Wednesday, December 16, 2009

Reviewing the Senate health bill

Here were the problems with the health bill as it stood a month ago:
1. Public option threatens a healthcare monopsony that could compromise quality of care and R+D
Addressed? Thanks to Joe Lieberman, yes.
2. Will be very expensive.

Addressed? Not sure it can be.
3. Doesn't do enough to lower costs (changing reimbursement structure, tort reform)
Addressed? No. The biggest flaw in the bill.
4. The penalty for not getting insurance is too low, leading to a major, major adverse selection problem when guaranteed issue and community rating happen.

Addressed? No. The easiest flaw to fix in the bill.
5. Subsidized people have very high implicit marginal tax rates because the subsidy rolls off as income increases.
Addressed? No. This could be solved, but not easily in the structure being proposed. It'd have to be more like "the government will pay the first $5000 of everyone's insurance, and everyone gets taxed at %X, unprogressively, to accomplish it."
6. Employers of low-skilled labor have incentives to look for illegal aliens.
Addressed? No.
7. Doctors have an incentive to stop treating Medicare and Medicaid patients.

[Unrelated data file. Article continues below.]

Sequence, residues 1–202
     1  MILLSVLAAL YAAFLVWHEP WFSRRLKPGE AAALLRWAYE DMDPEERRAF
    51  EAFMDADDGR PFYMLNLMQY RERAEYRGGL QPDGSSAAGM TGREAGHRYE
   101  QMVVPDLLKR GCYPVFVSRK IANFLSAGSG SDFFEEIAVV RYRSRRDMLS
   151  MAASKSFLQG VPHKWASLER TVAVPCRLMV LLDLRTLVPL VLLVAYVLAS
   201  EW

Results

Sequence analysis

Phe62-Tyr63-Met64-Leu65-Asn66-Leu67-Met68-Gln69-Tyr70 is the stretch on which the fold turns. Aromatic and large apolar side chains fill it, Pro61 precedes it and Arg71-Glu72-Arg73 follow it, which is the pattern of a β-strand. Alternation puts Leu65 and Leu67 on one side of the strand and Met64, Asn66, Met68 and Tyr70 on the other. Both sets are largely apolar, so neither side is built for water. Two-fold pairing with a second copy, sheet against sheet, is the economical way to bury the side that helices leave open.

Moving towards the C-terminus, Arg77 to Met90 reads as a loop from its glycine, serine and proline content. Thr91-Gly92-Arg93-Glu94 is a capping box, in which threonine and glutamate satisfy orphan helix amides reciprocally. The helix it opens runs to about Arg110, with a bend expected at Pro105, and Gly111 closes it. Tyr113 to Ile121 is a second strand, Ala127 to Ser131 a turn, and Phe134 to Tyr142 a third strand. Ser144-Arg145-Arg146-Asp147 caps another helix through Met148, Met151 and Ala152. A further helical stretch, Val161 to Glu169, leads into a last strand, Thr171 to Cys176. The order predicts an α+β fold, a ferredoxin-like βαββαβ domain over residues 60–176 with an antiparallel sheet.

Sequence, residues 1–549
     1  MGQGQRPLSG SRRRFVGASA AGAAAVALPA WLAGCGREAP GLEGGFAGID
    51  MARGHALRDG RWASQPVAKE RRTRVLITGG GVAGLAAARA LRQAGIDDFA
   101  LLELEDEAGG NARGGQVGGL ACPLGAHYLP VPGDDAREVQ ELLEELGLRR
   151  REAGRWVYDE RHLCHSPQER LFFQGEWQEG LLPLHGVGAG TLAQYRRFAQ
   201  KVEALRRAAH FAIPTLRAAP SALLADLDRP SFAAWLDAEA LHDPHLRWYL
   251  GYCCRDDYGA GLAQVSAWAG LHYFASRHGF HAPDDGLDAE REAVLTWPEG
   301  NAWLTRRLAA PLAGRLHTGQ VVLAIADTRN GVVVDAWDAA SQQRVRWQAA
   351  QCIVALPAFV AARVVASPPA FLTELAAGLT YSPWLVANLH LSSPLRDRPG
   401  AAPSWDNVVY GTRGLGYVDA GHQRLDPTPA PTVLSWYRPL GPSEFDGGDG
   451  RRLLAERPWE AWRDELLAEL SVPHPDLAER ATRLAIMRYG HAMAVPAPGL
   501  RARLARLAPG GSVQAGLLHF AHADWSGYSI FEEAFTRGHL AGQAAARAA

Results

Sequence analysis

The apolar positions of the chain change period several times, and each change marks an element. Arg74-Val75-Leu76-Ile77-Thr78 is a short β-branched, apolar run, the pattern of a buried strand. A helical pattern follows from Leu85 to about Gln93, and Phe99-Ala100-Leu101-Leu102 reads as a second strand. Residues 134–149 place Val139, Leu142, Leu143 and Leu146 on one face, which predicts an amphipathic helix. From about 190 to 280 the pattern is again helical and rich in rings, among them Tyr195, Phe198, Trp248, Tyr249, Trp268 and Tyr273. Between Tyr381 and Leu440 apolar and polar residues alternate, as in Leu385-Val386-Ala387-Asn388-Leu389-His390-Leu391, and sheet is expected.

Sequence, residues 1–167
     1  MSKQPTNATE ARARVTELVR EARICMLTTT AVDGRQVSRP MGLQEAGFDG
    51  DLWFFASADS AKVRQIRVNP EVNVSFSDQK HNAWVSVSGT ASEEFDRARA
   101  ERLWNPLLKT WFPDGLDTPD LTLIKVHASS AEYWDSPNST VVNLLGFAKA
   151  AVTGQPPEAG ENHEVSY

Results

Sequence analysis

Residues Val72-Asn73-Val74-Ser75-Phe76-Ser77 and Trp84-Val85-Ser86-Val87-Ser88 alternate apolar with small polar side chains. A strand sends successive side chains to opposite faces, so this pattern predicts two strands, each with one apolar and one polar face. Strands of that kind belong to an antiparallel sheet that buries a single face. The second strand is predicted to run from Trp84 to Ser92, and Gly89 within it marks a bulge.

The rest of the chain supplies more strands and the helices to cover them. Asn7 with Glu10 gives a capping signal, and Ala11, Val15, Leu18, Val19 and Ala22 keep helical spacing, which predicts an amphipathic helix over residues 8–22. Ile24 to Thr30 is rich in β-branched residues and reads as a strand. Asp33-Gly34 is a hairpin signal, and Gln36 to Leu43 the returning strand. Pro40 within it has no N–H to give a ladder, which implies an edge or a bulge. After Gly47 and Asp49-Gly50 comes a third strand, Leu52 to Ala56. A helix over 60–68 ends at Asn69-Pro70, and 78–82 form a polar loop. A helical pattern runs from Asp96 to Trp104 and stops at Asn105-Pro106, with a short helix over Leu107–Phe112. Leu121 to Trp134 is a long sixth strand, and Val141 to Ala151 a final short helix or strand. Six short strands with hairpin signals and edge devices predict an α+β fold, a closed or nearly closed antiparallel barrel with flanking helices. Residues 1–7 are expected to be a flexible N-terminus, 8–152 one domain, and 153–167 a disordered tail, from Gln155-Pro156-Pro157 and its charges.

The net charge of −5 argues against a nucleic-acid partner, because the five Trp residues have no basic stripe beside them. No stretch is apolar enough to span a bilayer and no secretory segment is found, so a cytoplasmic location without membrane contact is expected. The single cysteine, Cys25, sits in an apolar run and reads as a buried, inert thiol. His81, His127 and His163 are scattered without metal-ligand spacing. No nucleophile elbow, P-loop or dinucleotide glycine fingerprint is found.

Addressed? Sort of. If the current bill were to actually stand in its current form, this would be a disaster. Fortunately, only Paul Krugman believes this will actually reduce the deficit, and nobody believes the payouts to Medicare will actually drop 25%. So call this one an incomplete.
8. Insurance companies have an incentive to try and get out of treating high-risk customers because they can't charge high enough premiums.
Addressed? We won't know until we see the ways that insurance companies respond to the bill. Dropping coverage is one possibility, but this will probably be cracked down on. However, if everyone tries to scare off high risk clients, quality of service could be bad.
On the whole? The bill still has lots of problems. I'm glad problem 1 has been addressed. If they don't fix problem 4 before passage, it'll be seriously disgraceful.
The more interesting question is, "Is this bill better than the status quo?" or, more accurately, "would I vote for it in its current form, assuming the Medicare payouts don't drop and nobody uses this to try and springboard into a public option?"
That's a very difficult question. I think the answer is "no", simply because I don't see this program as being sustainable because it costs too much - I see it turning down dangerous "cost reduction" roads in the future, and I see the public option as the hydra that will never die. However, the no is much less emphasized than it was a month ago.

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